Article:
This community was established about the year 1840, and was named for an old commissary that stood there about that time. The commissary was established to provide food and supplies for Bellwood furnace workers. Today the ridge also carries the nickname "Can't Find It Ridge".


The earliest settlers to Cub Creek arrived about 1780. It was said that the creek was named by early settlers who found a bear cub wading in the creek upon their arrival. Early settlers in the area were: Brown, Crockerell, Norfleet, Lewis, Harris.


First Church

Cub Creek Church-Land donated by Nathan Parker in 1819


Other Early Churches

Missionary Baptist-1886

Roxe Valley Church-1895


Early Teachers at Atkins School (est. 1920)

Horace Wallace

Miss Dortch

Miss Crutcher

Miss Cherry

Miss Weeks

Lester Acree

Charlene Murray

This explanation on the location of Cub Creek from Chuck Allen, e-mail: Cub Creek is between Big A and Indian Mound. If you want to drive there from Dover, turn right on old 79 at The Headquarters. Drive about 6 1/2  miles and you'll be in Big A. About 1/4 to 1/2 mile more there will be a paved road turning to your right. This is Cub Creek Rd or some call it Indian Mound Rd, but turn there. You'll go down a hill and into a holler, follow this road for a couple of miles and you'll get to a 4 way intersection, and a little bridge. You're in Cub Creek area, if you go straight at the intersection you can go to Commissary Ridge or Indian Mound. If you take a right you will go up Shepards Holler and back out to Red Top, or if you turn left you can go out to Bellwood.

(Return to table)


Established in 1814, Cumberland City was originally called New Lisbon. It is located on the south side of the Cumberland River, being sixteen miles southeast of Dover and twenty-four miles southwest of Clarksville. Later it was known as Bowling Green, and this nomage carried until the year 1860 when the railroad was built. The town's name was changed to Cumberland City because the L & N Railroad already served another town in Kentucky known as Bowling Green. The town saw action during the Civil War when three steamers-the Thomas E. Tutt, Ben South, and Echo, were destroyed there on Dec. 1, 1864 under Gen. H.B. Lyons. The town has continued to grow throughout the years.


Merchants during the 1800's

William Martin and John House (1812)

George Stacker

Thomas Bayless

Nathan Thomas

Jefferson Gentry

Nathan Allman

Daniel Lowery

Joseph Newberry

John Parchman

Fitz and Baker

Andrew Halliday

Stacker and Carter

W.T. Thomas

Thomas Brothers

J.L. Thomas

Patterson and Lowery

John F. Bishop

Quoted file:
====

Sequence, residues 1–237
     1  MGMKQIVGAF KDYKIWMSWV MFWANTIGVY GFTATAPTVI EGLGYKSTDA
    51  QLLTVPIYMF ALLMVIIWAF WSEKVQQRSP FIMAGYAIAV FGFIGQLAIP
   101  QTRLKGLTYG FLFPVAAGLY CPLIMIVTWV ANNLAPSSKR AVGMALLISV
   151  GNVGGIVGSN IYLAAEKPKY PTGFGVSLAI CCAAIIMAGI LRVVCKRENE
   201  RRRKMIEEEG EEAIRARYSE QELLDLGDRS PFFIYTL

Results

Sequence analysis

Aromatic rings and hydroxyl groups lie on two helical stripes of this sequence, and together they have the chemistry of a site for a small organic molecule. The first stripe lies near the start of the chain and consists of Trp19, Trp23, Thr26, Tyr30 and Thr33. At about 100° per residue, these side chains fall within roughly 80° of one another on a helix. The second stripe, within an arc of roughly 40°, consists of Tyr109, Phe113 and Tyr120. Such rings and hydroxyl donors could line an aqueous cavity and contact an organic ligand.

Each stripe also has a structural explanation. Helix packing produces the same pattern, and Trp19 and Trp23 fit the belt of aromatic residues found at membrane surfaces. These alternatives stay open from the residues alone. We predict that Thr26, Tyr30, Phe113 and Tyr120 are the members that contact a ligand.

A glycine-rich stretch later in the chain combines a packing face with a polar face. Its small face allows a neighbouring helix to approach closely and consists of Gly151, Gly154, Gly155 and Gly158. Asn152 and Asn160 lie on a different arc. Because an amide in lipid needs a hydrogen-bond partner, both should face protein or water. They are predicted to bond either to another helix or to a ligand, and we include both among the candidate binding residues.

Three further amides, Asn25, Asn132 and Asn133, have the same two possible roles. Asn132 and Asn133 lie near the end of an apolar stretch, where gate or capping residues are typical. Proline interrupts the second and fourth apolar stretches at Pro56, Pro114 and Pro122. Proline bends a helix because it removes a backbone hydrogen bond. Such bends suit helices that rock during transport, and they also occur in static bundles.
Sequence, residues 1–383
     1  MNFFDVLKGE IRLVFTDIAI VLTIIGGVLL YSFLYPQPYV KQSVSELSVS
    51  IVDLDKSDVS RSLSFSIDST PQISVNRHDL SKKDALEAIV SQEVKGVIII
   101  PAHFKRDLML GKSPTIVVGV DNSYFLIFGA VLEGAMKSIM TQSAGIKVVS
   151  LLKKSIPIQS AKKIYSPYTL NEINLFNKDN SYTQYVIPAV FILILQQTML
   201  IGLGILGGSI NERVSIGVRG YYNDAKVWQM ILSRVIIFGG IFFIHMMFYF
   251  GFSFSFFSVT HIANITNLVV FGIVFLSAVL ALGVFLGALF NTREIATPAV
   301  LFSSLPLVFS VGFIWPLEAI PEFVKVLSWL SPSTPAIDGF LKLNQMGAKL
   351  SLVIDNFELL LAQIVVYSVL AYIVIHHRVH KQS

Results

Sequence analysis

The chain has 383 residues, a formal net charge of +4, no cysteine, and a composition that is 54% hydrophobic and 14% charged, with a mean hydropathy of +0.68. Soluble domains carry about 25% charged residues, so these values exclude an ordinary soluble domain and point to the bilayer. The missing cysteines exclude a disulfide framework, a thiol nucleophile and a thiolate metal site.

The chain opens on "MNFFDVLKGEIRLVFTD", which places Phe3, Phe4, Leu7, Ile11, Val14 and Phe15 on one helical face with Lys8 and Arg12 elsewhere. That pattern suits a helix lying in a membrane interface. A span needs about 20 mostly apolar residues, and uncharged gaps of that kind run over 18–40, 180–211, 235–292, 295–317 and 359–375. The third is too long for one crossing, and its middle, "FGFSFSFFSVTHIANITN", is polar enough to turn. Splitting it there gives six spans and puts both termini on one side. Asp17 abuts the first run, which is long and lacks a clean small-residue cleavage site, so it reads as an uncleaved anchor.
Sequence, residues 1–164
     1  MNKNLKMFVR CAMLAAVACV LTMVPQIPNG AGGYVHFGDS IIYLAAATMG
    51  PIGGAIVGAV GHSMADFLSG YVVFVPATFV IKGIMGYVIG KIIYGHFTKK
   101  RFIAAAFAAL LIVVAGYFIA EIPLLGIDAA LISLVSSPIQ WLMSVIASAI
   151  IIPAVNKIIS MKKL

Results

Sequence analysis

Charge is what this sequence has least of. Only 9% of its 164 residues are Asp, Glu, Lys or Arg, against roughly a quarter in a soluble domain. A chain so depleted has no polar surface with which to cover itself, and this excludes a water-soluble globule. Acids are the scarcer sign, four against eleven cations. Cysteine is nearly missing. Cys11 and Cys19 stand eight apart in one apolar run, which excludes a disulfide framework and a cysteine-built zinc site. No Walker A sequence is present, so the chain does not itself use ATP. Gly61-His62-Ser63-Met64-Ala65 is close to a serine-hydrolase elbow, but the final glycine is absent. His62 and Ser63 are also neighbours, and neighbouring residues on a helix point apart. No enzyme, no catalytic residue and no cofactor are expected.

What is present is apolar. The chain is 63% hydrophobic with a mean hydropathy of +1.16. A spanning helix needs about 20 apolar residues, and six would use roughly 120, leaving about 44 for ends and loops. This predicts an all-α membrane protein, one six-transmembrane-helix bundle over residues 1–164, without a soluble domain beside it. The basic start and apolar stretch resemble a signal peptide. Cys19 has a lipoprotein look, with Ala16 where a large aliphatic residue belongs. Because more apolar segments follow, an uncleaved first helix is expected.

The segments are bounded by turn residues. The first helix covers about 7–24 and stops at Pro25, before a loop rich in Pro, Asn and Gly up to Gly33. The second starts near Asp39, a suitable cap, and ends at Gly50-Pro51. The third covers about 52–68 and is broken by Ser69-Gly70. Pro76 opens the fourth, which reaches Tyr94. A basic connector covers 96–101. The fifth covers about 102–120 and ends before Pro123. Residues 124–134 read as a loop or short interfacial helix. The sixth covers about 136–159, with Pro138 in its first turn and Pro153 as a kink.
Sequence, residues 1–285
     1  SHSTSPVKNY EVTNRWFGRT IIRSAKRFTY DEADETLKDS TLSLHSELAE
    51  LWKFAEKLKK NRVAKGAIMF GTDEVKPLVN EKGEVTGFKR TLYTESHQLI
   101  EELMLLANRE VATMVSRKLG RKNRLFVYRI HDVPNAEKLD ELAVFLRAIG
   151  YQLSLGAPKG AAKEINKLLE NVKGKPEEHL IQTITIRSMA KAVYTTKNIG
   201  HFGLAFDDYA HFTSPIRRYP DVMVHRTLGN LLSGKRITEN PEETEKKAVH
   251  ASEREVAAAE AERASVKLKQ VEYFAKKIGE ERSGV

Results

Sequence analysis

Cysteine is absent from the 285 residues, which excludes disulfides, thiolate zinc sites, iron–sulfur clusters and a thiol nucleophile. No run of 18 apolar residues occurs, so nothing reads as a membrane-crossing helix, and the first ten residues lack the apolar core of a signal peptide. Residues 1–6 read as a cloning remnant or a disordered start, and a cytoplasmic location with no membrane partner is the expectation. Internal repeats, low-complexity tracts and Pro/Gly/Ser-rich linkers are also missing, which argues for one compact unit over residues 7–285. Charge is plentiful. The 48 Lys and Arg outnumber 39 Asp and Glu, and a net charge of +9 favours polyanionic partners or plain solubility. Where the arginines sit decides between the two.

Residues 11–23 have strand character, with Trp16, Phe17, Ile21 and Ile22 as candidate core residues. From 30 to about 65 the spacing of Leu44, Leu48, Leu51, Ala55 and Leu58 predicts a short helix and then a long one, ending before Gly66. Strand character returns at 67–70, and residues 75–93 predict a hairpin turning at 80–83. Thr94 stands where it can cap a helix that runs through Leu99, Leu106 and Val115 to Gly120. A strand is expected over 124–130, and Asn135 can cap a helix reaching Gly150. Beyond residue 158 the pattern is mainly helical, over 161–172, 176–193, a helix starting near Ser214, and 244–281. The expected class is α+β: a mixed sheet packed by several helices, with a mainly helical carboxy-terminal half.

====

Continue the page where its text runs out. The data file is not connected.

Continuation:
Lowery and Glasgow

Virgil B. Moore

Batson E. Neblett

William S. Bailey


Early hotels


Sam Bellar


J.P. Bedwell


First Post Office

Est. Sept. 12, 1866-William H. Marshall, Postmaster


1893-Cumberland City Academy Founded

Founders: W.T. Thomas, Robert Steele, J.H. Gayer

(Return to table)



Dover was established in 1805 when a commission was appointed to establish a county seat for Stewart County. It is possible that the name comes from the white cliffs along the Cumberland River which may have reminded the English commissioners of the town of Dover, England. The first courthouse was log one-story building erected in 1806. A second brick courthouse was commissioned in 1823, but was burnt by Federal troups in 1862. Prior to the burning, Federal troops allowed all records to be removed and hidden in a cave for safe keeping. The third courthouse was erected in the town square in 1870, and stood until 1965 when it was replaced by a more modern building. The town is now a major stopover for people enjoying the LBL area, and visiting Fort Donelson National Park.



This community is twelve miles west of Dover on the Tennessee River, and is named for Gustavus Henry, the Confederate senator from Tennessee. A Civil War battle was fought here in 1862, and trenches remain. The fort surrendered on February 6th. An area with a rich history, it saw show boats dock at its shores, battles with early Indians, the rise and fall of the iron ore industry, as well as its claim to fame in the War Between the States. One of the earliest settlers was Samuel Boyd, arriving in 1795 from North Carolina, and followed by George and Mary Boyd. They constructed a log house with port-holes for Indian fighting in 1810. Other settlers included: Sikes, Wofford, Boswell, Gray, Campbell, and Marshbanks. By 1850 the community was well established, boasting such trades as hatmaker, blacksmith, shoemaker and tanner.


Early Postmasters

J.W. Rice

James T. Wofford

J.M. Keel



J.H. Crutcher-Panther Creek

J. H. Boswell-Fort Henry

W. H. Scarborough





WWI Casualties

Mitchell Sills

John Wofford

Grady Rushing

Douglas Lyons-awarded Distinguished Service Cross

(Return to table)



Ephraim Gatlin and his nine brothers arrived in the area around 1800 from North Carolina. Ephraim settled in this spot now on Lake Barkley. The Brandons received this area by will through the Gatlins. Thence it was known as Brandon Springs. A small settlement, the only work done in the area was farming, making cross-ties and saw milling. This area, in the northwestern part of Stewart County, is now a part of Land Between the Lakes under supervision of Tennessee Valley Authority, and has become a popular hunting, fishing, and camping spot.



This small community is located between Blue Creek and Bumpus Mills. It is names for an early settler in the latter 1700's, Robert Hayes, who was awarded one thousand acres of land by the state of North Carolina.